Nitrous Oxide effective for labour pain, but most women switch to an epidural, study shows
There are a variety of options available for women to manage labour pain, ranging from epidurals and medications delivered intravenously, to complementary methods including massage, deep breathing and nitrous oxide. Nitrous Oxide or laughing gas is effective and safe for labour pain, but ultimately most women switch over to epidural anaesthesia, reveals a new study.
Women report being very satisfied with nitrous oxide to manage labor pain, experiencing no adverse side effects to the baby, although over half of the women ultimately opted for an epidural or other pain management technique, suggests a study being presented at the ANESTHESIOLOGY® 2019 annual meeting.
Nitrous oxide is more commonly used in Europe and Australia to manage labor pain, but has recently gained popularity in the U.S. It is an inhaled anesthetic gas that may help reduce anxiety and make patients less aware of the pain, but does not eliminate it. Conversely, epidural anesthesia is the most common type of pain relief used during labor and blocks pain in the lower part of the body, allowing the laboring mother to be awake and alert throughout delivery.
“Our research is one of the first large retrospective studies done in the U.S., in five large university hospitals, on the use of nitrous oxide in the labor and delivery unit,” said Barbara Orlando, M.D, one of the lead authors of the study and assistant professor of anesthesiology, perioperative and pain medicine at the Icahn School of Medicine at Mount Sinai, New York. “Although nitrous oxide did not prevent women in labor from requesting other pain management options like an epidural, we received positive feedback from patients who said they like laughing gas as an option to manage their pain.”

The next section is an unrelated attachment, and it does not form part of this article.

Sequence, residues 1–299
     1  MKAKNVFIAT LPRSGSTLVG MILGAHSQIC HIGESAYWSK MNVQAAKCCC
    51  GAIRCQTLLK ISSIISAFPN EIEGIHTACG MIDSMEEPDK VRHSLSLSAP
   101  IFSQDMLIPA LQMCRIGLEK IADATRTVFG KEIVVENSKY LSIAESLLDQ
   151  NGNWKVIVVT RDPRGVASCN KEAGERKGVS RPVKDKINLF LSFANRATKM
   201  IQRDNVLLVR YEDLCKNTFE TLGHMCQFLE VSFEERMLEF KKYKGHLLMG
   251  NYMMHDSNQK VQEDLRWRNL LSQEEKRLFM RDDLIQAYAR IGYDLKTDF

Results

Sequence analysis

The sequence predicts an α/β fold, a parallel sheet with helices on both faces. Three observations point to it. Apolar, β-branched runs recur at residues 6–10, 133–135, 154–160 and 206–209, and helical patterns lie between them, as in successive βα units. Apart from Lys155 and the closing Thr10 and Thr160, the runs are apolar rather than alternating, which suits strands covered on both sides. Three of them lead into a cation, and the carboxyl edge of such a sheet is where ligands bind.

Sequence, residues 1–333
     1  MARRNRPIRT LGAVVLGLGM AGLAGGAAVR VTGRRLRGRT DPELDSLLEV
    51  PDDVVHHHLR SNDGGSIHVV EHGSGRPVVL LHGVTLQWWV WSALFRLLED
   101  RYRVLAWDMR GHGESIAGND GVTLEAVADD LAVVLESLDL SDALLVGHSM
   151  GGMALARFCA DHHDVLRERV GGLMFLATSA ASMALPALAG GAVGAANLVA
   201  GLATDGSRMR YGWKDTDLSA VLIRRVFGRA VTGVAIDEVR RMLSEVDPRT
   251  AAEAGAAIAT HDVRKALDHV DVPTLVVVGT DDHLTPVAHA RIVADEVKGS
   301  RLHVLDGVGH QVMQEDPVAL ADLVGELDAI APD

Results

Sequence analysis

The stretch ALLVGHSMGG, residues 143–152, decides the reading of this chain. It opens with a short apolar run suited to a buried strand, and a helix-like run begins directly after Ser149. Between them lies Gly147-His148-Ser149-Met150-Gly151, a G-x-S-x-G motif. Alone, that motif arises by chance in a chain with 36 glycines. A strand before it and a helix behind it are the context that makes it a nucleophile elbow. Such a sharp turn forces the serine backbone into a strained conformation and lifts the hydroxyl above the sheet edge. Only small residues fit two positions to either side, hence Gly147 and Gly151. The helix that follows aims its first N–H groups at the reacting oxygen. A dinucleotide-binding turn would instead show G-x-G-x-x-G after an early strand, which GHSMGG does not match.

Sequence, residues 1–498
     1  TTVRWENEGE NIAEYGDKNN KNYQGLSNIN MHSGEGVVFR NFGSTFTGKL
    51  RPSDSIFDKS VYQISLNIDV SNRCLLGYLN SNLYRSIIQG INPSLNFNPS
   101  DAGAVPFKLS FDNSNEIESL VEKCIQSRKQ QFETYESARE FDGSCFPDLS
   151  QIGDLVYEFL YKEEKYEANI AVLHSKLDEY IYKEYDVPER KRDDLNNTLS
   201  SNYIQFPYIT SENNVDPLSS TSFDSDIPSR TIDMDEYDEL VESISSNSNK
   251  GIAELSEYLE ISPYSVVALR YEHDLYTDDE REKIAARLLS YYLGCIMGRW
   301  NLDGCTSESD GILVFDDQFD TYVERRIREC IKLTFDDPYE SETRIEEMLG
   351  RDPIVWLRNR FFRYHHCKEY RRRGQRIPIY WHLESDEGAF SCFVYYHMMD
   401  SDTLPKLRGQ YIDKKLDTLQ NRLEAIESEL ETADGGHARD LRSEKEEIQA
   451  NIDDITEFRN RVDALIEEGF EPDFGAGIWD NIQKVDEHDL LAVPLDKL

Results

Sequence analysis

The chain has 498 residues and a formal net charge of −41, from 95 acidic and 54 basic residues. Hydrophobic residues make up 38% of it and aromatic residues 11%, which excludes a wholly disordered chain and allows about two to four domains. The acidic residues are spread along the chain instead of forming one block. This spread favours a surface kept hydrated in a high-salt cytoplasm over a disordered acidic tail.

Researchers reviewed the medical records of 1,958 women who used nitrous oxide during labor between March 2016 and March 2018. The average age of the patients was 28 years old. Researchers collected: patient demographics; patient satisfaction; conversion rate to alternate pain management options, including epidurals; and Apgar score, which ranges from 0 to 10 (7 to 10 is considered reassuring) and is used to assess a newborn’s overall condition and health 1 minute and 5 minutes after birth. The authors note only 850 patients included in the study had patient satisfaction information available.
The mean patient satisfaction rate for nitrous oxide use was 7.4 (on a scale from 0 to 10, with 10 being high). Ultimately, 68.9% of women who used nitrous oxide switched to another pain management technique, with the majority (92%) opting for an epidural. Nitrous oxide was found to be safe for the newborns, whose Apgar scores averaged 8 and 9 at 1 and 5 minutes, respectively.
“Nitrous oxide is easy for patients to use, relatively inexpensive, and will attract more patients looking for a birthing centre, or more homelike type of delivery experience,” said Dr Orlando. “The high patient satisfaction rate and safety profile that we found should motivate other institutions nationwide to offer nitrous oxide as a pain management option to women in labour.”
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ANESTHESIOLOGY® 2019 annual meeting